Neil Anderson  Interview

You are heavily involved in music being a musician and music teacher. Who was it in your life that first inspired you to get into music, why did music strike such a chord (excuse the pun) with you, and what was the first instrument you learnt to play?

Some of my early memories are of a musical nature. I can clearly recall being given a toy drum in a music session in nursery. I recall the teacher giving us directions from her place at the piano about the song we were going to play; “Now children, when I raise my hand, you all stop playing and I will finish the song”. I quite clearly remember thinking “but the drummer always ends the song”. I’ve no clue where I got this idea from, but it was very firmly set in my head as the correct thing to do and as a consequence, I got in trouble for not stopping at the right time. This wasn’t the only trouble I got into at nursery school. There was also the mystery of the pile of biscuit crumbs that the teachers would find under a table every day, but that’s a story for another day!

My interest in drums was piqued further when I was about 4 or 5 years old. I saw a young drummer being featured on the TV program “Nationwide”. I remember thinking “I can do that” and from that time onward, I was captivated by the drum kit. I spent the next few years playing along to records on my very first drum kit – a collection of empty ice cream tubs, one with some felt-tip pens in it (so it rattled like a snare drum). My first pair of drum sticks were a pair of toy snooker cues stolen from one of my older brother’s Ray Reardon Pot Black toy set – they were a bit on the long side, but they did the job. Once I had raided the same brother’s record collection and started playing along to The Specials, I added an empty Quality Street tin, so I could get that “clangy’ sound of a Reggae/Ska Rimshot.

I count myself very lucky to be exposed to great music very early on and this is, again, thanks to the same brother who lost his snooker cues. His collection included records by The Jam, The Specials and The Beat as they came out. He would let me tape the records and I would set up my “drum kit” on my bed and play along to the tapes.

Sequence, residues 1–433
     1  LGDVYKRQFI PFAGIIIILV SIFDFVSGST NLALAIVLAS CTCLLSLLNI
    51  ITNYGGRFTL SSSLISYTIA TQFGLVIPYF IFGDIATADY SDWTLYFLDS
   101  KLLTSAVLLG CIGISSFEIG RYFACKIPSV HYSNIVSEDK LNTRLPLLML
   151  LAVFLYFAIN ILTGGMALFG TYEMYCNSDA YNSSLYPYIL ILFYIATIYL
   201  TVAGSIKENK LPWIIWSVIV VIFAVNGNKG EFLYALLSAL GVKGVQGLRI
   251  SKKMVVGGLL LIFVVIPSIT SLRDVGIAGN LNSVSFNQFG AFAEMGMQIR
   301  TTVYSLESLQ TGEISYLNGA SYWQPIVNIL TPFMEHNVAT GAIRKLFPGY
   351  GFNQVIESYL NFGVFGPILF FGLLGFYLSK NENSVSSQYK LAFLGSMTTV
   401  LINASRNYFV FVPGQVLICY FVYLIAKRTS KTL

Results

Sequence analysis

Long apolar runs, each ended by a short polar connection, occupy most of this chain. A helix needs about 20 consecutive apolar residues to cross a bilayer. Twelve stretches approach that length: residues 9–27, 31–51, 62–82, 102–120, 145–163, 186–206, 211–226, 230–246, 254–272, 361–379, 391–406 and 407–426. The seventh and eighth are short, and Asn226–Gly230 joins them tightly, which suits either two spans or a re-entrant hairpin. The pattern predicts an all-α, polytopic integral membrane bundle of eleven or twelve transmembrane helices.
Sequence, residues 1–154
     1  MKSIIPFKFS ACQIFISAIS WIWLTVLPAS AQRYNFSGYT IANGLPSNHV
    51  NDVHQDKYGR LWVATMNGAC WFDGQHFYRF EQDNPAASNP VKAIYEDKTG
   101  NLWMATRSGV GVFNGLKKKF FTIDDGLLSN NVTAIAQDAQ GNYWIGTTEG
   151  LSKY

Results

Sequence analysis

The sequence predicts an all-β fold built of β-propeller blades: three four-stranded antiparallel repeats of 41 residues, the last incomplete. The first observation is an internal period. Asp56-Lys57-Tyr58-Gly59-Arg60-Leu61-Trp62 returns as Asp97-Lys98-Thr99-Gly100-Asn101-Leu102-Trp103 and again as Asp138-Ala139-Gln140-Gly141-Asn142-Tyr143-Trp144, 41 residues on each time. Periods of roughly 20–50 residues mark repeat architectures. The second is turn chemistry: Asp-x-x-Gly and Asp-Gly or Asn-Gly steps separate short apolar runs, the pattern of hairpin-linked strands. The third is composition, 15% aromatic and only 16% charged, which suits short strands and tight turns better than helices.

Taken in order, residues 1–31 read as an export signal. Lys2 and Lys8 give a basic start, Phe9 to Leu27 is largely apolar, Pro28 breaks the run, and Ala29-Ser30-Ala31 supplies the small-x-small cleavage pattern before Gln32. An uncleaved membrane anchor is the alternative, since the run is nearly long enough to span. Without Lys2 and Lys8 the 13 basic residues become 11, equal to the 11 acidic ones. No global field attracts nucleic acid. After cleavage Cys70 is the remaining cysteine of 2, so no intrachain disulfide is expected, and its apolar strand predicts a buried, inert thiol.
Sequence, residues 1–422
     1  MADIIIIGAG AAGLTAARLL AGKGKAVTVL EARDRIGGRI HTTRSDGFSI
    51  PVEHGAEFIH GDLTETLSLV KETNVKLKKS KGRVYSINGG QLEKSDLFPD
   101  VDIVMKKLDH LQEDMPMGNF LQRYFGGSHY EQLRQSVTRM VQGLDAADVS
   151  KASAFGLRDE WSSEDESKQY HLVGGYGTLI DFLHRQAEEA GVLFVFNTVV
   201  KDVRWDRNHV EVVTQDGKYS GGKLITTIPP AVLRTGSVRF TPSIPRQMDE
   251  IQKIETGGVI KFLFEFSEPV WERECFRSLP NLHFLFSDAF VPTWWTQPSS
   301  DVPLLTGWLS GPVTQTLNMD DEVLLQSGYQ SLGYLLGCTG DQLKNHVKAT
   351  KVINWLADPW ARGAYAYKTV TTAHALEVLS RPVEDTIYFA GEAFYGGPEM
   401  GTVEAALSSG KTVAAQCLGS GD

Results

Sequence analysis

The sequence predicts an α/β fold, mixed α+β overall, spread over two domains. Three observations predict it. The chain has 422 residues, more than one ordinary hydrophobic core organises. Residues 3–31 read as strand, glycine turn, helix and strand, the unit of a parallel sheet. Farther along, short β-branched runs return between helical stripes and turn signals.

By the time I was 11 years old, my eldest brother started teaching marching drums for The Boy’s Brigade in the local Methodist Church Hall. This was wonderful, because I finally got to play a real drum and it was a great schooling in the rudiments of drumming. Around this time he also got his old drum kit set up in his house and on a family visit, I was allowed to play it. I found that it just made sense to me, I can’t really explain it better than that, but he would show me something and I would just play it back to him. At that point, he persuaded my parents that I had ability and for my 12th birthday, my mum took me to Supreme Drums in Walthamstow to purchase my first real drum kit!”

In addition you own a record studio. Can you tell us about some of the equipment you use there and how you have found running a studio during the pandemic?

With regard to equipment, I would say that the majority of the Original Gravity sound comes from the sound of the right instruments (played well!) hitting the tape. But, I think that a large factor in getting a vintage sound is getting the drum sound right.

I have several drum kits, but I find myself consistently using either my Gretsch Brooklyn kit, or more likely the Gretsch Catalina drum kit that I picked up second hand for £450 about 8 years ago.

The Catalina is Gretsch’s cheapest kit (or was at the time) and the set up that I have could be called a “Be-Bop” set up – a relatively small kick drum (18”) with 12” and 14” tom toms. Despite being cheap (or maybe because it was cheap), it just sounds right and I have used it on around 90% of the Original Gravity productions to date.

I also had a massive result when I bought it as the guy threw in a Premier snare drum that cuts like hell! This snare drum can be heard on virtually all of the Reggae and Rocksteady recordings that I have made, along with quite a few other tracks. I had been mainly using a Ludwig 402 snare drum, which I had paid around £500 for in the late 90s. I found that I was hardly using it because the Premier snare drum sounded so good, so I sold it on to one the drum tutors at my music school (The Musiclab).